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Who Should Try a High-Protein Diet?

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Photo: Starcevic / Getty Images

You've seen her at the gym: the toned woman who always kills it at the squat rack and seemingly lives on hard-boiled eggs, grilled chicken, and whey protein shakes. It's totally normal for you to wonder if a high-protein diet is the real secret to slimming down. Especially since it's about as trendy as healing with crystals and body positivity.

Generally paired with a low carbohydrate intake (think paleo or Atkins), a high-protein diet has been shown to boost weight-loss results, improve feelings of satisfaction after meals, and even help control blood sugar levels. Plus, it helps to repair your muscles when they tear during exercise. (Don't worry, small tears are normal. When they repair, your muscles come back stronger than before.)

But this way of eating isn't a one-size-fits-all solution for anyone looking to lose a few pounds. In fact, consuming significantly more than the recommended amount of protein (roughly 0.8 to 1.0 grams of protein per kilogram of body weight—or 55 to 68 grams for someone weighing 150 pounds—according to nutritionist Jennifer Bowers, Ph.D.) can lead to a few issues. One University of Connecticut study reported dehydration as a problem, while other research has shown that high-protein diets are linked to an increased risk of colon cancer and kidney disease. And people on high-protein diets rich in red meat have higher levels of uric acid in their blood, which can increase the risk of gout.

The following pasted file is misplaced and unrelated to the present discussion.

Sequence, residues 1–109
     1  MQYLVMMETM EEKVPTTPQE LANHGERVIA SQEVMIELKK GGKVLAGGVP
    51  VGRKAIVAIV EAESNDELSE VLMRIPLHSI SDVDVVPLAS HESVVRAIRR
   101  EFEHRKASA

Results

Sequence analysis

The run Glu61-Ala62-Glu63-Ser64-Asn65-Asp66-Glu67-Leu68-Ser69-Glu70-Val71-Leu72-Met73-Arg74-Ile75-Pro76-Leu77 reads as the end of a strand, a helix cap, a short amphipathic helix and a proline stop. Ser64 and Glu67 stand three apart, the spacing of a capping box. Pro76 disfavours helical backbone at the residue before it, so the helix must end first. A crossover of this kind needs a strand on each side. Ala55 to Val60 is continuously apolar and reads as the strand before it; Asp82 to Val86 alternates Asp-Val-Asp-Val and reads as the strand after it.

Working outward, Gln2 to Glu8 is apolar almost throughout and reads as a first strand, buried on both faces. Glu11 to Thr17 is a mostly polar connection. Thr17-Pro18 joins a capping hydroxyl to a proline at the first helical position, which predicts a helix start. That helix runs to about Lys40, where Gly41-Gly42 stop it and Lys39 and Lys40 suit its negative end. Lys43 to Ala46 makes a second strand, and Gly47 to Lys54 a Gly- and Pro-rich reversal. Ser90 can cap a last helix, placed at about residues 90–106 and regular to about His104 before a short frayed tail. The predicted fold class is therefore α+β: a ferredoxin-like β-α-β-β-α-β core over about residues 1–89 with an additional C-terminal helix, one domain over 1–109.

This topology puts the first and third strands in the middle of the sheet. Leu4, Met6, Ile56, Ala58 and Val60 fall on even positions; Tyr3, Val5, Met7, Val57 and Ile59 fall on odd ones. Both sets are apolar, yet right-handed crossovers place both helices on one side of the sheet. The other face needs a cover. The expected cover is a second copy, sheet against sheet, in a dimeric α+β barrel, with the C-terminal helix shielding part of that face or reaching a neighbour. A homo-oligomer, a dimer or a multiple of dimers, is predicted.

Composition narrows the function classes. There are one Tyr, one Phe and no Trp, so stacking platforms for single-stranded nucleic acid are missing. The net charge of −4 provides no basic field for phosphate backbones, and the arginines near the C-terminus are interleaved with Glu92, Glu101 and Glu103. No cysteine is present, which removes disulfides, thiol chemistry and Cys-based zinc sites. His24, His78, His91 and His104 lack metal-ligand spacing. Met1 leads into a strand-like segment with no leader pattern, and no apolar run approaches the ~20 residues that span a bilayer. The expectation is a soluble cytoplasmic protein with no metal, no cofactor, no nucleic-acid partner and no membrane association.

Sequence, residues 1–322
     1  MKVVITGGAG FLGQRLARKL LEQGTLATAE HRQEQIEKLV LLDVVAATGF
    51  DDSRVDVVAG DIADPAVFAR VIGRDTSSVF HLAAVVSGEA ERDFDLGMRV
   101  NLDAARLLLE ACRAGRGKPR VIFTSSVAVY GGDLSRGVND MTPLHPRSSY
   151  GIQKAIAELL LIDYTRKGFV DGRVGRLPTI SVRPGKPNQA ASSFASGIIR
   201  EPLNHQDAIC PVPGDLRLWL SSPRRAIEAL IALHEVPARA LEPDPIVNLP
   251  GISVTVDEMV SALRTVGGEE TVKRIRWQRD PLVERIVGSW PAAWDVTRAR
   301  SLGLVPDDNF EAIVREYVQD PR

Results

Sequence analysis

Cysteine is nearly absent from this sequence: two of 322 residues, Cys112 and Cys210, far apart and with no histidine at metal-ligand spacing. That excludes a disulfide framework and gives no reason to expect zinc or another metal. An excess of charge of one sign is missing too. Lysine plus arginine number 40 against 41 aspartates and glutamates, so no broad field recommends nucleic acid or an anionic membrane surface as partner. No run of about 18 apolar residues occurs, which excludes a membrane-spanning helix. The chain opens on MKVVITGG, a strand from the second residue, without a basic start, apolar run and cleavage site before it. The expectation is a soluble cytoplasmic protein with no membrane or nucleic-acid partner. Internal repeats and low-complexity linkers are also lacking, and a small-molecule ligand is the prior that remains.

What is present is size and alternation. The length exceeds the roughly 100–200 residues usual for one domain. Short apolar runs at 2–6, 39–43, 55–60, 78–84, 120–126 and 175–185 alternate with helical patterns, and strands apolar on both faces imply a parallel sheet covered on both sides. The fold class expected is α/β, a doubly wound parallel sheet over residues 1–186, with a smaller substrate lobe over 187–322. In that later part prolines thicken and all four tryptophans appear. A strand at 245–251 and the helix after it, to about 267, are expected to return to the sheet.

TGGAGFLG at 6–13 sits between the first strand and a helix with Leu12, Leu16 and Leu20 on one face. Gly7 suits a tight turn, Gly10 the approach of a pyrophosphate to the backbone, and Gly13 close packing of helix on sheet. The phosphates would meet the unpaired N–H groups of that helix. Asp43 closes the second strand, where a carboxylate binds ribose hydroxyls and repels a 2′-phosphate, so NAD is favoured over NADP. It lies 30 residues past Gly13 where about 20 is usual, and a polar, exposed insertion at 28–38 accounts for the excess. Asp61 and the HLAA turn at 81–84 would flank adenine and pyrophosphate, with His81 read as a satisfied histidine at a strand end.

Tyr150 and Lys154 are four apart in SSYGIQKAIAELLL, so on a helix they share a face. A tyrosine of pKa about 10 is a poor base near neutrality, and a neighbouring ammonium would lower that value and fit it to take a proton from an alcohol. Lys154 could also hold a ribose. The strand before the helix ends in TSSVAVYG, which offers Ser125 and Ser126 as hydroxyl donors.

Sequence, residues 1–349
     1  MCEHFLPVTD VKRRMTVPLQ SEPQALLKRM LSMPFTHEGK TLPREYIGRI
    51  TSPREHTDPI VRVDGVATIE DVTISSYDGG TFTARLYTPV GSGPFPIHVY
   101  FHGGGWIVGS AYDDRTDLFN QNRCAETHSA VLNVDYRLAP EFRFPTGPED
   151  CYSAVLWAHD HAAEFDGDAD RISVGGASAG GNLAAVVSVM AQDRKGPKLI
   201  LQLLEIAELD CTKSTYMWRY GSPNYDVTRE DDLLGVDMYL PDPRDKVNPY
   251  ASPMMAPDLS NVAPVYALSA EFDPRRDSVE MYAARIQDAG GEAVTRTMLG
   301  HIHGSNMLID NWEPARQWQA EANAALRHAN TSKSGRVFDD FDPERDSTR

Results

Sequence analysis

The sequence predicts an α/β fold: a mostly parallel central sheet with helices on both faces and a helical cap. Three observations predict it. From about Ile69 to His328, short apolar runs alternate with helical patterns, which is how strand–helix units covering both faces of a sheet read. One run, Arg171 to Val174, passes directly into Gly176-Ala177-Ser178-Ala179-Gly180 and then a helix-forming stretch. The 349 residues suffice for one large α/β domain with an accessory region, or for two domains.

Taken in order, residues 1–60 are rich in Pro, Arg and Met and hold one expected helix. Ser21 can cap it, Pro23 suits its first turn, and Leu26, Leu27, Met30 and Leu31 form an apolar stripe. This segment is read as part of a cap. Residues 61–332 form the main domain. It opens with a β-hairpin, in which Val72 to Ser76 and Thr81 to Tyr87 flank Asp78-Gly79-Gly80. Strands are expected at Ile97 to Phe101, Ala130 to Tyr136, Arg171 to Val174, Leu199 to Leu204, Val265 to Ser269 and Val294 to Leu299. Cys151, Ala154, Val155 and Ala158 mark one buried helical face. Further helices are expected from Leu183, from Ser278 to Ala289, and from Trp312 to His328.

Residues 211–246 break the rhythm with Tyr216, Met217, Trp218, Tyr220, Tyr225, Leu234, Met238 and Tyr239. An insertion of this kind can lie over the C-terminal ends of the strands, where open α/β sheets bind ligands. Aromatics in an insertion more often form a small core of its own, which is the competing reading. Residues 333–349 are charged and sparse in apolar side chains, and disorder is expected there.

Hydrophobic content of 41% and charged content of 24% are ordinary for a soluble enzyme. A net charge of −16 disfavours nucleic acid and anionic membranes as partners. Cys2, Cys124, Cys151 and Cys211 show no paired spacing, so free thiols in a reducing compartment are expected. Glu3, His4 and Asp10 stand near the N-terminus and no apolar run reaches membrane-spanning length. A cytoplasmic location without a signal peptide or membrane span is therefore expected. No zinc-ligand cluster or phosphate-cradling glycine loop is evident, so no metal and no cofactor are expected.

So what types of people would actually benefit from a high-protein diet? Potential bodybuilders and anyone looking for short-term weight loss, says Jonathan Valdez, R.D.N., cochair of the Greater New York Dietetic Association. "This way of eating isn't for long-term sustainable weight loss over a year," he says. "Anyone who has kidney function issues is at risk for kidney stones or gout, or people with diabetes or high blood pressure should definitely steer clear of them." 

As with any eating routine, Valdez advises anyone considering this type of diet to follow up with a primary care physician or registered dietitian.

"You will need higher water intake, vitamin B6 (for protein metabolism), and other vitamins like calcium, magnesium, vitamin D, and iron," he says. "When you're cutting down on carbs and sugar, there's low glycogen storage in muscles, which can lead to nutritional deficiencies."

If you've got the go-ahead from your physician, then make sure you're smart about your protein picks. It's always best to reach for whole food sources of your macronutrients, rather than powdered supplements. (But, if you're in the market, these are the best protein powders for women.) Valdez recommends Greek yogurt or other popular foods that are high in protein, like salmon, beef, or tofu—roughly 3 ounces (about the size of a deck of cards) is a good serving size.

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